In the world of rehabilitation the word ‘Never’ has no place. ‘Never’ is so strong a word it removes all hope. When hope goes, it takes with it one’s will, determination and motivation. Without these essential ingredients, rehabilitation is not possible.
Doctors can say ‘Never’ when referring to other things like smoking, drinking or any self-destructive behaviour. But they should NEVER utter the words ‘Never’ to patients. Especially brain injured patients.
I started to read the ‘Stronger after Stroke – Your Roadmap to Recovery’ book tonight while at Chella’s waiting for Tara and Quinn’s piano lessons. As with any book I read, I read the last part first. The index. I looked of key words that were used in reference to your stroke. Hemiparetic, shoulder-hand pain, neglect, neuropathic pain. I got some hits and some misses. I decided it would be simpler to just start the book from the beginning.
It has a great beginning. In the preface, the author talks about the ‘super-surviver’. A “super-survivor is so unwilling to let go of their career, their independence, or a personal passion that they are compelled to recover. They intertwine recovery with what they love to do. Sometimes recovery is so much part of what they love doing that they don’t even notice they’re recovering!”
“For super-survivor, recovery is a vision quest. The challenge of recovery is no different then the other challenges that they have conquered in life. They get on with it. They put in the time. They fall in love with the process. In much the same way athletes and musicians enjoy practice, stroke survivors who recover see the process of recovery as an opportunity for growth.”
The preface goes on about neuroplasticity, and how motivation is a very big part of drives the neuroplasticity. “While the idea of ‘practice makes perfect’ is simple, how to practice is more complicated. This book defines the time needed to drive neuroplastic change.”
WOW, this grabbed my attention. As I listen to the music leaking out the piano room door, I remembered Tara’s frustration with the piano at first. She practiced and got better. But it’s falling in love with the practice that makes a passion. Tara now loves to pick out songs on the piano, ukulele, recorder, guitar and many other musical instruments she can get her hands on.
She has fallen in love with the process of practice. I see Quinn starting to do the same. Practice is the birthplace of a passion. How can I help you fall in love with your practice? Your recovery is becoming my passion but it has to be yours too.
I don’t have to be a rehabilitation expert to know that the first ingredients for a passion are: hope, will, determination and motivation. Like a bitch (for you non-animal types = a fierce mother dog), I will not let anyone try to take those away from you again.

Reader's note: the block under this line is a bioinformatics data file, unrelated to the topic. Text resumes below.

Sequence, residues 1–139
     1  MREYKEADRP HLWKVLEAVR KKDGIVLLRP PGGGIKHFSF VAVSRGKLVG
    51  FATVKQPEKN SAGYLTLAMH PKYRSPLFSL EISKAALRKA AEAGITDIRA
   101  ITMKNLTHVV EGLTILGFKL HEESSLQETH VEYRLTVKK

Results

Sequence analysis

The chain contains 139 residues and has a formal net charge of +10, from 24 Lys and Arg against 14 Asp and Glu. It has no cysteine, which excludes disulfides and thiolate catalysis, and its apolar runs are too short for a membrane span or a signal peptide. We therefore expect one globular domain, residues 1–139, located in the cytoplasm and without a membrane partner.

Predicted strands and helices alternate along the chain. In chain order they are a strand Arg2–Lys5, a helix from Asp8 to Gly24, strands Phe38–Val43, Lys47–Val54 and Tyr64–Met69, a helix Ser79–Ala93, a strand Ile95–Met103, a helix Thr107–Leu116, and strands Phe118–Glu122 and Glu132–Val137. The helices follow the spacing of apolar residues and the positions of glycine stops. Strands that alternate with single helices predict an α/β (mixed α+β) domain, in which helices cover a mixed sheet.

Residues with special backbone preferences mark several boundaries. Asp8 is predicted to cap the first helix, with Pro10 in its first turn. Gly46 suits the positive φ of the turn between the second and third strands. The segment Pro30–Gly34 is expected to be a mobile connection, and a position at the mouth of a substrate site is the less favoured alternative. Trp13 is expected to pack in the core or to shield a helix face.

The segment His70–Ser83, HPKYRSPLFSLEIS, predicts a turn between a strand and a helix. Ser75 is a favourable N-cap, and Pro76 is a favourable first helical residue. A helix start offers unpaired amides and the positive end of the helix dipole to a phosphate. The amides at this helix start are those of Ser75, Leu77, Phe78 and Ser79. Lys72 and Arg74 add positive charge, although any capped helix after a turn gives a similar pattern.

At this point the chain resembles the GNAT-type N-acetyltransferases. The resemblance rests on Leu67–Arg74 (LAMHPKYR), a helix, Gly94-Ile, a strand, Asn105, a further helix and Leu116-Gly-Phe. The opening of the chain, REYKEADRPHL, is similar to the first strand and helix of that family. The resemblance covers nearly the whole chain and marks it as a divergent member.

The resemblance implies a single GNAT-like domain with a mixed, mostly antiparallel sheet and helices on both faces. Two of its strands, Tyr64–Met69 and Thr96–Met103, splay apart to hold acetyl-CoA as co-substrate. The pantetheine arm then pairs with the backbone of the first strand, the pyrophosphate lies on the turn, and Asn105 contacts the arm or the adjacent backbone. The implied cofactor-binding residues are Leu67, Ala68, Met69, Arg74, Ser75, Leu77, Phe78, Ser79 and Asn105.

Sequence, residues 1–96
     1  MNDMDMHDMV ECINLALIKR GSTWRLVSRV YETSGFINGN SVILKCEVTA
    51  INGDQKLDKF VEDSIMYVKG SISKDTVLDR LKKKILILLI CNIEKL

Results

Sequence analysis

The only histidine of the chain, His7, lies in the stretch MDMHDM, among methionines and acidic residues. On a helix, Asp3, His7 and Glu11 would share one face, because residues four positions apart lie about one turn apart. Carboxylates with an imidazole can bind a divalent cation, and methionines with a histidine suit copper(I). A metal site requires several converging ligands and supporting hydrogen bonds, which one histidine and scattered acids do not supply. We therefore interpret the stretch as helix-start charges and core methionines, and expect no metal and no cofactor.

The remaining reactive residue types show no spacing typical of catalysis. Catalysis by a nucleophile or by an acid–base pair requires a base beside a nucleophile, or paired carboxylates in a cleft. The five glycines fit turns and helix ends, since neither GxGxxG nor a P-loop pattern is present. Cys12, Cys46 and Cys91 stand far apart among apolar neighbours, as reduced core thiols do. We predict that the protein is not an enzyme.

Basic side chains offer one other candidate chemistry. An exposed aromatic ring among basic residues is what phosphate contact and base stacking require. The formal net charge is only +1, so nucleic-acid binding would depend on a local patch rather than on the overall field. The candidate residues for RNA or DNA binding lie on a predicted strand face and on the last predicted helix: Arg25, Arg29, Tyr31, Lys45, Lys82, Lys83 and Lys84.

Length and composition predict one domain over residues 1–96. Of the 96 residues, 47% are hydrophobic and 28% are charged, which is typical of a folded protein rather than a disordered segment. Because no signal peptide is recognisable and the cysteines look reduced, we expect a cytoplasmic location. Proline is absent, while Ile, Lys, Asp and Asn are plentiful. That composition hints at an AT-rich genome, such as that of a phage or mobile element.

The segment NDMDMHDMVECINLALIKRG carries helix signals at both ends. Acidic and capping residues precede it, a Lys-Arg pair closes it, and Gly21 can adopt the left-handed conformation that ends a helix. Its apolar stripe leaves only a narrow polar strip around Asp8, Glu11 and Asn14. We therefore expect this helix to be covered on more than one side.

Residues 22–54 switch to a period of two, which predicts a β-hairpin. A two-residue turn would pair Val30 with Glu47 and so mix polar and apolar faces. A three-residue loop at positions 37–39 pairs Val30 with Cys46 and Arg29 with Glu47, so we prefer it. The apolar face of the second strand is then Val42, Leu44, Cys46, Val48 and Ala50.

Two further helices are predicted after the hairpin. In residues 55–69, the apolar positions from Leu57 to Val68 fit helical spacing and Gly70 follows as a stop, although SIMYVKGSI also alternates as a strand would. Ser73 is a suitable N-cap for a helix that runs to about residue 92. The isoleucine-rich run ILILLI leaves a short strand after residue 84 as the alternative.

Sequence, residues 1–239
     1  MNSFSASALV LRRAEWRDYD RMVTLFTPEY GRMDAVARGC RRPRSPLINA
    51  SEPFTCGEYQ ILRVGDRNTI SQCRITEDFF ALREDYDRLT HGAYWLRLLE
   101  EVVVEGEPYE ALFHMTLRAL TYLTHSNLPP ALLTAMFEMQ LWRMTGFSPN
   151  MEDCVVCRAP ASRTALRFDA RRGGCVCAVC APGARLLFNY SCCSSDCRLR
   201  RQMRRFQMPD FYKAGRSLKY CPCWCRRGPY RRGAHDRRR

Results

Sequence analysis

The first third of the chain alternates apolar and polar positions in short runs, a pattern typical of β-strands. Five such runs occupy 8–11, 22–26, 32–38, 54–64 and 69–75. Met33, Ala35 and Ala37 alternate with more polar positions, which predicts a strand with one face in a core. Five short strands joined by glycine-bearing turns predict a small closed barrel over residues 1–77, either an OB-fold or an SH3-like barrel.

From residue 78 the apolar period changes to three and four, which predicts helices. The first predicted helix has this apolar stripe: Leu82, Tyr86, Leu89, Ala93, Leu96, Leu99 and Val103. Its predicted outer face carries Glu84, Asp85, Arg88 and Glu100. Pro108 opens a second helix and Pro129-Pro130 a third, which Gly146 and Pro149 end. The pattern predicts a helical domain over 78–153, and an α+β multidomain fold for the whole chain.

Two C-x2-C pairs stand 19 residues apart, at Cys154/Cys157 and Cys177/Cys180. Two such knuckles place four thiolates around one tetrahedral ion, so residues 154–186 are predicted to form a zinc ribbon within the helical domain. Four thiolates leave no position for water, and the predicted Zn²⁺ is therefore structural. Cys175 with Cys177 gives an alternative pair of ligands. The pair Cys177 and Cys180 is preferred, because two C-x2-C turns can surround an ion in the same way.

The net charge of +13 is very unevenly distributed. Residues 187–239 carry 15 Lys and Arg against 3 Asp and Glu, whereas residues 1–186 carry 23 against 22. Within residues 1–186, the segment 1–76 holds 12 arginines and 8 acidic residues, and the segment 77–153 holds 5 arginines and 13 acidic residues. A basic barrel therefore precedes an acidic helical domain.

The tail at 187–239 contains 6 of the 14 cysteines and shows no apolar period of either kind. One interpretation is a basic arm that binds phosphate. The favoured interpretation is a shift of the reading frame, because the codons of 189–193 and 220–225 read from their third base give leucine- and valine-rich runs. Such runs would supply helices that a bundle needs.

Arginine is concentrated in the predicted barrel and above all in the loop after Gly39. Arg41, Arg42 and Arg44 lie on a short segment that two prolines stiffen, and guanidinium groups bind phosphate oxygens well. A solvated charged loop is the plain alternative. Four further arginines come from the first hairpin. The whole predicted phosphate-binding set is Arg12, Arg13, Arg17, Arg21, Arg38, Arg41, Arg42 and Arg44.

After many no answers and busy signals, I finally got through to you tonight. You had a good talk with Steve from Ottawa. He and Laura are heading to Jamaica for a holiday. You said that Steve felt guilty about going. “I don’t understand, he has nothing to feel guilty about.” You said.
I understand Steve’s guilt. I feel guilt too. Maybe guilt isn’t the right word. I’m not sure what the right word is. I feel sad that you, a natural athlete and gifted driver, are trapped in your body and me, a natural cluts and challenged driver, have been given freedom to roam about with little effort. Somehow, it doesn’t seem fair.
At PT today, you were walking between the parallel bars. Your PT student felt that you were lifting your left leg up a little more. A lift is the start to a step. That’s progress. I will be in Halifax next Monday for the day. We have the family meeting then. I hope to see the progress.
You have spent your afternoons on the Kinetron. I expect it will help you strengthen your legs … both of them.
Your OT is working on a plan for you to follow for recovery. I’m glad to hear this. I think this will help keep you focused on your recovery. Every journey or marathon needs to be mapped out.
This afternoon, there was some sort of Open House. They had a trivia question game. “I got about 90% of them right.”
“No coffee today” You said. I suspect that’s not true. You got coffee with your meals, just no Tim Horton's coffee. I suspect that you will survive.
No psychiatrist visit today. After having two psychiatrist-types see you yesterday, you were hopeful that someone might see you again today. “Perhaps next week. Maybe they are working on a plan for you too! Maybe there is just too much for them to work on.” I said teasingly. “Yeah” you said “maybe they will say that I have to give up breathing!”